Theologico-Political Treatise, by Benedict de Spinoza
- Of Prophecy.
- Definition of prophecy.
- Distinction between revelation to Moses and to the other prophets.
- Between Christ and other recipients of revelation.
- Ambiguity of the word “Spirit.”
- The different senses in which things may be referred to God.
- Different senses of “Spirit of God.”
- Prophets perceived revelation by imagination.
- Of Prophets.
- A mistake to suppose that prophecy can give knowledge of phenomena
- Certainty of prophecy based on: (1) Vividness of imagination, (2) A Sign, (3) Goodness of the Prophet.
- Variation of prophecy with the temperament and opinions of the individual.
- Of the Vocation of the Hebrews, and whether the Gift of Prophecy was peculiar to them.
- Happiness of Hebrews did not consist in the inferiority of the Gentile.
- Nor in philosophic knowledge or virtue.
- But in their conduct of affairs of state and escape from political dangers.
- Even this Distinction did not exist in the time of Abraham.
- Testimony from the Old Testament itself to the share of the Gentiles in the law and favour of God.
- Explanation of apparent discrepancy of the Epistle to the Romans.
- Answer to the arguments for the eternal election of the Jews.
- Of the Divine Law.
- Laws either depend on natural necessity or on human decree. The existence of the latter not inconsistent with the
former class of laws.
- Divine law a kind of law founded on human decree: called Divine from its object.
- Divine law: (1) universal; (2) independent of the truth of any historical narrative; (3) independent of rites and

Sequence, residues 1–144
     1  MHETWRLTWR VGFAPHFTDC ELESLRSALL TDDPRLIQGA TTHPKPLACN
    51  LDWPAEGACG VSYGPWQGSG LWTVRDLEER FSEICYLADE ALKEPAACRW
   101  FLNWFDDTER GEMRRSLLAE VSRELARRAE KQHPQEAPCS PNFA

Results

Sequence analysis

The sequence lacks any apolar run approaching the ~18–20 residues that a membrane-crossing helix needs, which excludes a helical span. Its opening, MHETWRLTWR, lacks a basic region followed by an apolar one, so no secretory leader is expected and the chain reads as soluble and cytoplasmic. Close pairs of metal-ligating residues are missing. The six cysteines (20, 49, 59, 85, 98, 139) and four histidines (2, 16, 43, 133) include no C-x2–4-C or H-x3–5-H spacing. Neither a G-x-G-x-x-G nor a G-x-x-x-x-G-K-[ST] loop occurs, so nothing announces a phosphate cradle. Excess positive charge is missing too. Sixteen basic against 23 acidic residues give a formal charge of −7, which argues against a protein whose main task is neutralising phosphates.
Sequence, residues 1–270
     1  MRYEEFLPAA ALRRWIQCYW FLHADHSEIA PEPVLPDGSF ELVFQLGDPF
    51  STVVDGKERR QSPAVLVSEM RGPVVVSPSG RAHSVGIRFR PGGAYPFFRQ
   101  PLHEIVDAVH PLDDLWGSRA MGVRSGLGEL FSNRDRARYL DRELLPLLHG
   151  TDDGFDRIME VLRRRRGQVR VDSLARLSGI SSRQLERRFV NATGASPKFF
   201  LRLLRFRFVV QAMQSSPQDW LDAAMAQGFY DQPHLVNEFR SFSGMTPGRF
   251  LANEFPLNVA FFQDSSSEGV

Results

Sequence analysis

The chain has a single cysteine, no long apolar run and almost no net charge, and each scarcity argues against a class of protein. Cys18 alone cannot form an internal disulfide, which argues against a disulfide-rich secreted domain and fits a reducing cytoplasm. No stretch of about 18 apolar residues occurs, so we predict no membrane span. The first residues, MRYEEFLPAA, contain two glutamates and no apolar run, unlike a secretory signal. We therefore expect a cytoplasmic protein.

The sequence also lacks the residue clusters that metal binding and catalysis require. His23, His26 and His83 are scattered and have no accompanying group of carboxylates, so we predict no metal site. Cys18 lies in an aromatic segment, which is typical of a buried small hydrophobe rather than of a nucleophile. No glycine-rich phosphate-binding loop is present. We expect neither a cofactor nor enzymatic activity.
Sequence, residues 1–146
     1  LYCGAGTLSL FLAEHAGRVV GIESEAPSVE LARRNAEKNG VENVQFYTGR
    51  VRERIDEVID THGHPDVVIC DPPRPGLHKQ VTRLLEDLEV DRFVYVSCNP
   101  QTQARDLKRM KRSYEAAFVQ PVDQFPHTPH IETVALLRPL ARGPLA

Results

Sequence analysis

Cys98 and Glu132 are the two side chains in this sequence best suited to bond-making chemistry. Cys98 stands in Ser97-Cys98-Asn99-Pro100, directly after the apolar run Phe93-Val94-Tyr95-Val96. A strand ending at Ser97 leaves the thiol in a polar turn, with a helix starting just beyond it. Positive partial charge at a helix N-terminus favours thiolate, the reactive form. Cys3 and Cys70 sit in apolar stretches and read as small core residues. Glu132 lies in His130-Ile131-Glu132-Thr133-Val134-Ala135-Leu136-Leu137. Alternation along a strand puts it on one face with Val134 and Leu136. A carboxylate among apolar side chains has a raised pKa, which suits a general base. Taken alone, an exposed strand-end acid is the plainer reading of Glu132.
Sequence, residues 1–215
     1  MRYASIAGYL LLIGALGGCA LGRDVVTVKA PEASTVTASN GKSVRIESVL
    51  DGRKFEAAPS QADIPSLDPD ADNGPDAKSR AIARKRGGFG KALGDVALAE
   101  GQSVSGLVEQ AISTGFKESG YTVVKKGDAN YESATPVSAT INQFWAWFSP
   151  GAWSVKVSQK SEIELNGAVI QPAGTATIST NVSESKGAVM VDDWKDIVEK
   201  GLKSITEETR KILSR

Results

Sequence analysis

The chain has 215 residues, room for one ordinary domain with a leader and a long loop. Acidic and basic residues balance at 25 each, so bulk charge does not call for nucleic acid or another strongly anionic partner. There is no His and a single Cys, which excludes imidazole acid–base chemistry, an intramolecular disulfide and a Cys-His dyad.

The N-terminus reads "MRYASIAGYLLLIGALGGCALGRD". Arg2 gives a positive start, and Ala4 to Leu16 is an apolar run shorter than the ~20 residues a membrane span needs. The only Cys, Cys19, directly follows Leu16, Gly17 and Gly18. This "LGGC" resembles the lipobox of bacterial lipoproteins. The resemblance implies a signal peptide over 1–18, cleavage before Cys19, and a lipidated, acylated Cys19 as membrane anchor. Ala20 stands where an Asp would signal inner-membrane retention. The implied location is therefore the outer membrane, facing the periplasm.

ceremonies; (4) its own reward.
- Reason does not present God as a law-giver for men.
- Such a conception a proof of ignorance — in Adam — in the Israelites — in Christians.
- Testimony of the Scriptures in favour of reason and the rational view of the Divine.
- Of the Ceremonial Law.
- Ceremonial law of the Old Testament no part of the Divine universal law, but partial and temporary. Testimony of
the prophets themselves to this Testimony of the New Testament.
- How the ceremonial law tended to preserve the Hebrew kingdom.
- Christian rites on a similar footing.
- What part of the Scripture narratives is one bound to believe?
- Of Miracles.
- Confused ideas of the vulgar on the subject.
- A miracle in the sense of a contravention of natural laws an absurdity.
- In the sense of an event, whose cause is unknown, less edifying than an event better understood.
- God’s providence identical with the course of nature. How Scripture miracles may be interpreted.
- Of the Interpretation of Scripture.
- Current systems of interpretation erroneous.
- Only true system to interpret it by itself.
- Reasons why this system cannot now be carried out in its entirety.
- Yet these difficulties do not interfere with our understanding the plainest and most important passages.
- Rival systems examined — that of a supernatural faculty being necessary — refuted.
- That of Maimonides.
- Traditions of the Pharisees and the Papists rejected.
- Of the authorship of the Pentateuch, and the other historical books of the Old
- The Pentateuch not written by Moses.
- His actual writings distinct.
- Traces of late authorship in the other historical books.
- All the historical books the work of one man.
- Probably Ezra.
- Who compiled first the book of Deuteronomy.
- And then a history, distinguishing the books by the names of their subjects.
- Other questions about these books.
- That these books have not been thoroughly revised and made to agree.
- That there are many doubtful readings.
- That the existing marginal notes are often such.
- The other explanations of these notes refuted.
- The hiatus.
- An Examination of the remaining books of the Old Testament according to the preceding
- Chronicles, Psalms, Proverbs.
- Isaiah, Jeremiah.
- Ezekiel, Hosea.
- Other prophets, Jonah, Job.
- Daniel, Ezra, Nehemiah, Esther.
- The author declines to undertake a similar detailed examination of the New Testament.
- An Inquiry whether the Apostles wrote their Epistles as Apostles and Prophets, or merely
as Teachers, and an Explanation of what is meant by Apostle.
- The epistles not in the prophetic style.
- The Apostles not commanded to write or preach in particular places.
- Different methods of teaching adopted by the Apostles.